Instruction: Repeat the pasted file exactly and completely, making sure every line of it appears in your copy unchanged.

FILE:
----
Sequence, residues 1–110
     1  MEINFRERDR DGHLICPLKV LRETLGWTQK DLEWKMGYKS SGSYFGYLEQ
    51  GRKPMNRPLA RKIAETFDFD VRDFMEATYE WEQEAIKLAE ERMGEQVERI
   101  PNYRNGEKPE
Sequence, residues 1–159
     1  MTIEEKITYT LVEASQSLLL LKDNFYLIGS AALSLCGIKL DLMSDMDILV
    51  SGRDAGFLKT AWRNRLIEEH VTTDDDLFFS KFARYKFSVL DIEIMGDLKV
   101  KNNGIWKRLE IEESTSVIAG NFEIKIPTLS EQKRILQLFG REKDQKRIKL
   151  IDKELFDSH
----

Sequence, residues 1–110
     1  MEINFRERDR DGHLICPLKV LRETLGWTQK DLEWKMGYKS SGSYFGYLEQ
    51  GRKPMNRPLA RKIAETFDFD VRDFMEATYE WEQEAIKLAE ERMGEQVERI
   101  PNYRNGEKPE
Sequence, residues 1–159
     1  MTIEEKITYT LVEASQSLLL LKDNFYLIGS AALSLCGIKL DLMSDMDILV
    51  SGRDAGFLKT AWRNRLIEEH VTTDDDLFFS KFARYKFSVL DIEIMGDLKV
   101  KNNGIWKRLE IEESTSVIAG NFEIKIPTLS EQKRILQLFG REKDQKRIKL
   151  IDKELFDSH